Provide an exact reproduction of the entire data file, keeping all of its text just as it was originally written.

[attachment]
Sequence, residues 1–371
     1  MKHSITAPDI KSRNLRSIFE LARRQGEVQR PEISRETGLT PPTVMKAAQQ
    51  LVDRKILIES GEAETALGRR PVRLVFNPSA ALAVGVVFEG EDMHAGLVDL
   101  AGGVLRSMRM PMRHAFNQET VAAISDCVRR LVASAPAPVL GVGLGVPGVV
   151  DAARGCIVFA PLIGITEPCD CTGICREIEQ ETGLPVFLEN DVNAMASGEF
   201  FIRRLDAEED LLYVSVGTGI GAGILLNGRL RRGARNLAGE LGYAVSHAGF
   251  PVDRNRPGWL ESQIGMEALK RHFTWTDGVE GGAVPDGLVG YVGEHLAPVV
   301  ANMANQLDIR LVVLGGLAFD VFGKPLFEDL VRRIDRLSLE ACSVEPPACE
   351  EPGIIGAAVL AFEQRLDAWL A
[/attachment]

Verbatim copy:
Sequence, residues 1–371
     1  MKHSITAPDI KSRNLRSIFE LARRQGEVQR PEISRETGLT PPTVMKAAQQ
    51  LVDRKILIES GEAETALGRR PVRLVFNPSA ALAVGVVFEG EDMHAGLVDL
   101  AGGVLRSMRM PMRHAFNQET VAAISDCVRR LVASAPAPVL GVGLGVPGVV
   151  DAARGCIVFA PLIGITEPCD CTGICREIEQ ETGLPVFLEN DVNAMASGEF
   201  FIRRLDAEED LLYVSVGTGI GAGILLNGRL RRGARNLAGE LGYAVSHAGF
   251  PVDRNRPGWL ESQIGMEALK RHFTWTDGVE GGAVPDGLVG YVGEHLAPVV
   301  ANMANQLDIR LVVLGGLAFD VFGKPLFEDL VRRIDRLSLE ACSVEPPACE
   351  EPGIIGAAVL AFEQRLDAWL A